The upstarts who dethroned them, the Detroit Pistons, were genuinely talented, with stars like Isaiah Thomas, Joe Dumars, and Dennis Rodman displaying enough skill to end up in the Naismith Basketball Hall of Fame, Molly McCloskey insists in her short New Yorker memoir of her father, Jack McCloskey. 

But I admit that I am among the tribe who would have told the author, “I hated that team,” for its on-court mayhem.

I had no idea of the role played by “Trader Jack” McCloskey (he got the nickname through 30 transactions in 13 years that built the team’s nucleus) in creating the two-time champions until I read his daughter’s article. I had even less idea of the cost to his and her personal lives—a sense of distance and ambivalence surely shared by other children of sports legends whose attention is continually diverted from their homes.

Mark Kreidler of has estimated that the divorce rate among professional athletes ranges from 60 to 80 percent. I imagine that it’s similarly high for sports executives, many of whom are, like Jack McCloskey, former pro athletes themselves.

Extensive time away from families and infidelity loom as major dangers in these marriages. Children end up collateral damage in these situations.

Jack McCloskey (who died seven years ago, at age 91, of Alzheimer’s Disease) was an absentee father during, and especially after, his divorce, Molly makes plain. On the infrequent occasions when he did appear in her life post-divorce, what he told her tended to be more gruff exhortations to fix her own basketball game than expressions of love.

Understandably, then, Molly was bewildered by, even resented, the tight bond that her father developed with the players he built into champions. The online version of this article states that the Pistons were Jack’s “Second Family,” but I couldn’t help feeling that they were his substitute family.

Only after Jack left professional sports, and as he gradually descended into the mental darkness of Alzheimer’s, did he and Molly draw closer.

With her clear-eyed, unsentimental reminiscence, the daughter shows that she is as expert in assembling the pieces of a complicated relationship into a fascinating whole as her father was in putting together disparate athletes like Thomas, Dumars, Rodman, Mahorn, and Bill Laimbeer into a rough-and-tumble band of brothers.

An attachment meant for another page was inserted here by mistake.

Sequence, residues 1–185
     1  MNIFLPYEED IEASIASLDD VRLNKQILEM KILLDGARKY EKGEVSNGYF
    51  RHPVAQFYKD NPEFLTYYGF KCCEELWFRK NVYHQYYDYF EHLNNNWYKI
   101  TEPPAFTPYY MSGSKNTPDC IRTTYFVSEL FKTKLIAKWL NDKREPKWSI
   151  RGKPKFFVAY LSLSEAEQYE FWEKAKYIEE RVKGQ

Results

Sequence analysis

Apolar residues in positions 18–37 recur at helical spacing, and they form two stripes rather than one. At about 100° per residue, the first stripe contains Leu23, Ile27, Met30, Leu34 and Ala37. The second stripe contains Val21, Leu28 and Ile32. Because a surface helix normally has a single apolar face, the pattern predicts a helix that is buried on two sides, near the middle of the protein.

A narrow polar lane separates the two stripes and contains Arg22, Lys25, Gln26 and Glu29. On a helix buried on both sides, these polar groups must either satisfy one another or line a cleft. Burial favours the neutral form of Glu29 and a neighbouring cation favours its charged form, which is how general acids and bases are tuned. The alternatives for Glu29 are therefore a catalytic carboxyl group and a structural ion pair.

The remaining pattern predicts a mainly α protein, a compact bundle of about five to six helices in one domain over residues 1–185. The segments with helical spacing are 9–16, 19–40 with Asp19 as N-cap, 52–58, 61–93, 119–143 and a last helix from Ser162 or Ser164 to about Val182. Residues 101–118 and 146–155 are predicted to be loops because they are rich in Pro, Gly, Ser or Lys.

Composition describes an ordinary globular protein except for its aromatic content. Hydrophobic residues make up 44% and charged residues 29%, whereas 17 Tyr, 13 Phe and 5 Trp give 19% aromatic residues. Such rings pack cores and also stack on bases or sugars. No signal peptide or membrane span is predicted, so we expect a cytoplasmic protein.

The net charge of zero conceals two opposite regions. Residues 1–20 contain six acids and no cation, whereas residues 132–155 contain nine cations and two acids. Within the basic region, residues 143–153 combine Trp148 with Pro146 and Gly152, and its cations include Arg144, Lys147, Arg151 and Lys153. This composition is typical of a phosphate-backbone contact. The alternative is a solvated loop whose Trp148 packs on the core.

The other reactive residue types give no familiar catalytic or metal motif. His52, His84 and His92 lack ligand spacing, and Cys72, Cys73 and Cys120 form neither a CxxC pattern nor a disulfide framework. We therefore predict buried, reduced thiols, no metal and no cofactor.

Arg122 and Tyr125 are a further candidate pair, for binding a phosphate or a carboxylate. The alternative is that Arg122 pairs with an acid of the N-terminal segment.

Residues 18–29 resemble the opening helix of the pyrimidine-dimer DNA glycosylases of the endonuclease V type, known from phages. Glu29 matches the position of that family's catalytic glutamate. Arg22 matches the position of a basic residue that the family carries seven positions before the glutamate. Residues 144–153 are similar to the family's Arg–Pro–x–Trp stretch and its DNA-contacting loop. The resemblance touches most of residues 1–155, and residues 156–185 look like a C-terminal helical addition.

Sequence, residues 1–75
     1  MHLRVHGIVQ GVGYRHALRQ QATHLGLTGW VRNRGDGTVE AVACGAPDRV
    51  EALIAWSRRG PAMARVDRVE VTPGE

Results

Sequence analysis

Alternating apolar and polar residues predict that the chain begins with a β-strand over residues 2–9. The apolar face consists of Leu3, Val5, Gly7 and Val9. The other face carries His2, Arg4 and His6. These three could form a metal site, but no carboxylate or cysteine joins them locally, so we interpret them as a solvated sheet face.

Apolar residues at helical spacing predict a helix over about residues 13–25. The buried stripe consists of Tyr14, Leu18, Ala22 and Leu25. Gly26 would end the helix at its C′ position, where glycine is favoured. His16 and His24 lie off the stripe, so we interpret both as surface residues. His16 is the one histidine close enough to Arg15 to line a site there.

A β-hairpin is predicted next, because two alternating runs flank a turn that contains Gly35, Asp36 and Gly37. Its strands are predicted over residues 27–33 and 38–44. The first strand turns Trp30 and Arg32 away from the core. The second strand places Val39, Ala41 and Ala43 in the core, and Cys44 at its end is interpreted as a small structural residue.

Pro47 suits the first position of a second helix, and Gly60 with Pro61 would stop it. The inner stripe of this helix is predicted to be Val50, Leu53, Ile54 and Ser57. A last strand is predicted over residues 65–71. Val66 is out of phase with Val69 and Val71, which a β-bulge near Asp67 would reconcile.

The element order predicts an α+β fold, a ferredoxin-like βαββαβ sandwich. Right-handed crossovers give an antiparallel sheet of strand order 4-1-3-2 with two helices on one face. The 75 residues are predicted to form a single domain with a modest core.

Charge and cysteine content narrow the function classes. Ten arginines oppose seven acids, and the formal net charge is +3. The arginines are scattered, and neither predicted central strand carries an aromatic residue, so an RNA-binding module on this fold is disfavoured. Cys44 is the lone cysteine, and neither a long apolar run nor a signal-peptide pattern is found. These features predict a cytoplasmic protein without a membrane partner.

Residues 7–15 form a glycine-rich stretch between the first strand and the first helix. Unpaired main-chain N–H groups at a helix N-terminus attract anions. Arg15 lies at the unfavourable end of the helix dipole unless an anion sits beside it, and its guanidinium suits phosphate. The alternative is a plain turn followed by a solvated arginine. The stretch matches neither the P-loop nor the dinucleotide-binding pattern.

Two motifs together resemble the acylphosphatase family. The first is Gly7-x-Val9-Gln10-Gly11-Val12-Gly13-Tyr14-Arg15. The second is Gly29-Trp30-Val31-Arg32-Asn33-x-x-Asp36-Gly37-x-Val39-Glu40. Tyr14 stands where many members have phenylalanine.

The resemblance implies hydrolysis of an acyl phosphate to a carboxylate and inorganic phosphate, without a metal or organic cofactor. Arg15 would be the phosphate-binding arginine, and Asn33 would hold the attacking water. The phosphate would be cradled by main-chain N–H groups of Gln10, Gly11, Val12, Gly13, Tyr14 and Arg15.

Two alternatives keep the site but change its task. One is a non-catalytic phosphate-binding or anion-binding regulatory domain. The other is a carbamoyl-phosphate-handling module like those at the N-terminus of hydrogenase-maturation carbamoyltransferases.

Wednesday, June 12, 2024

Quote of the Day (Edwin Arlington Robinson, on ‘Art’s Long Hazard’)

“Unfailing and exuberant all the time,
Having no gold he paid with golden rhyme,
Of older coinage than his old defeat,
A debt that like himself was obsolete
In Art’s long hazard, where no man may choose
Whether he play to win or toil to lose.” —Pulitzer Prize-winning American poet Edwin Arlington Robinson (1869-1935), “Caput Mortuum,” in Sonnets, 1889-1927 (1928)

Tuesday, June 11, 2024

Quote of the Day (Elizabeth Moon, on People, ‘Messy and Mutable’)

“People are people, messy and mutable, combining differently with one another from day to day—even hour to hour.”— American science fiction and fantasy writer Elizabeth Moon, The Speed of Dark (2003)

The image accompanying this post, of Elizabeth Moon at Worldcon 2005 in Glasgow, Scotland, was taken in August 2005 by Szymon Sokol.

Monday, June 10, 2024

Photo of the Day: Oradell Arts Festival, Bergen County, NJ

Yesterday I attended the Oradell Arts Festival, about nine miles from where I live in Bergen County, NJ. I was promoting my new biography co-written with my friend Rob Polner, An Irish Passion for Justice: The Life of Rebel New York Attorney Paul O’Dwyer.

The event was filled with artists showing their wares in booths like the ones I photographed here, dancers, and a “writers’ corner” for scribers like me.

My thanks to my friend Dianne for helping me secure a table to hold copies of the book, along with relatives and other friends who showed up to lend moral support.